Individual cognitive-behavioural anger treatment for people with mild-borderline intellectual disabilities and histories of aggression: a controlled trial

John Taylor, Bruce Gillmer, Raymond Novaco, Alison Robertson, Ian Thorne

Research output: Contribution to journalArticlepeer-review

107 Citations (Scopus)
2 Downloads (Pure)

Abstract

Objectives - Anger is a significant predictor and activator of violent behaviour in patients living in institutional settings. There is some evidence for the value of cognitive-behavioural treatments for anger problems with people with intellectual disabilities. In this study, a newly designed treatment targeted at anger disposition, reactivity, and control was provided to intellectually disabled offenders with aggression histories living in secure settings. Design - About forty detained patients with mild-borderline intellectual disabilities and histories of serious aggression were allocated to specially modified cognitive-behavioural anger treatment (AT group) or to routine care waiting-list control (RC group) conditions. Methods - AT group participants received 18 sessions of individual treatment. The AT and RC groups were assessed simultaneously at 4 time points: screen, pre- and post-treatment, and at 4-month follow-up using a range of self- and staff-rated anger measures. The effectiveness of the treatment was evaluated using ANCOVA linear trend analyses of group differences on the main outcome measures. Results - The AT group's self-reported anger scores on a number of measures were significantly lower following treatment, compared with the RC wait-list condition, and these improvements were maintained at follow-up. Limited evidence for the effectiveness of treatment was provided by staffs' ratings of patient behaviour post-treatment. Conclusions - Detained men with mild-moderate intellectual disabilities and histories of severe aggression can successfully engage in, and benefit from, an intensive individual cognitive-behavioural anger treatment that also appears to have beneficial systemic effects.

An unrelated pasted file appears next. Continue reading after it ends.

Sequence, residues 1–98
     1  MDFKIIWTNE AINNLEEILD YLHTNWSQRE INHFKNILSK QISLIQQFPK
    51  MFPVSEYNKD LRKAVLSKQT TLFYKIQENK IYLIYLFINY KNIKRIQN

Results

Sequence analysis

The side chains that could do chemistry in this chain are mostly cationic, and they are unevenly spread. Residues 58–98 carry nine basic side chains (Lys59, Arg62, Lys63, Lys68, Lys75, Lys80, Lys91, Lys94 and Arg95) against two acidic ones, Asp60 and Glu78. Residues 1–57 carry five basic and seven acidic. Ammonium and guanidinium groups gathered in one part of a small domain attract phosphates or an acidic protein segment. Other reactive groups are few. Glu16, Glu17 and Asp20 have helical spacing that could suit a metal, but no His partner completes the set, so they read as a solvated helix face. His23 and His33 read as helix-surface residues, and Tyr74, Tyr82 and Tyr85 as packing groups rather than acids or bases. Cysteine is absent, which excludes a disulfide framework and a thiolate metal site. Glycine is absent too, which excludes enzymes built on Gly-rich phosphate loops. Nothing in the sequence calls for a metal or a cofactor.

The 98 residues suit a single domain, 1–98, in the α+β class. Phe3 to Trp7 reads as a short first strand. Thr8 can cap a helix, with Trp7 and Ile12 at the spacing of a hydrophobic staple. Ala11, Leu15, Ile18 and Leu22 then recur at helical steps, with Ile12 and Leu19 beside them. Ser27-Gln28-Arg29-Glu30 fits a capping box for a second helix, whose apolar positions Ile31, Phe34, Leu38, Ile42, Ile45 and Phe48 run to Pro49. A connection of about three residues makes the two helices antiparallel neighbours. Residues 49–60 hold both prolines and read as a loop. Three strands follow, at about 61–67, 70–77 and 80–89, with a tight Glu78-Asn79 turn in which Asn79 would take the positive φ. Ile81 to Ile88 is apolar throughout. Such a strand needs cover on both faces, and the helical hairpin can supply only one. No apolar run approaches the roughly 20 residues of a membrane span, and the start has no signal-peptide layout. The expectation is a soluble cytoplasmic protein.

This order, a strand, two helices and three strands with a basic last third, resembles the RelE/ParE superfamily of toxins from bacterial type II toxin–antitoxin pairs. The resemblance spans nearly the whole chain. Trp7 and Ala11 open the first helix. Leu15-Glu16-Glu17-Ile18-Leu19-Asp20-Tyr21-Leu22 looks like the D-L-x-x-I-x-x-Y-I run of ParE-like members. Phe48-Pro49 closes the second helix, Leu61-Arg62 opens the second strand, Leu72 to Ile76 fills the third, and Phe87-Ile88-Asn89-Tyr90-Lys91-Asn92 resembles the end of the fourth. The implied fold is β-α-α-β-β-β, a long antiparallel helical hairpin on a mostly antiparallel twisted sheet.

Original languageEnglish
Pages (from-to)367-382
JournalBritish Journal of Clinical Psychology
Volume44
Issue number3
DOIs
Publication statusPublished - Sep 2005

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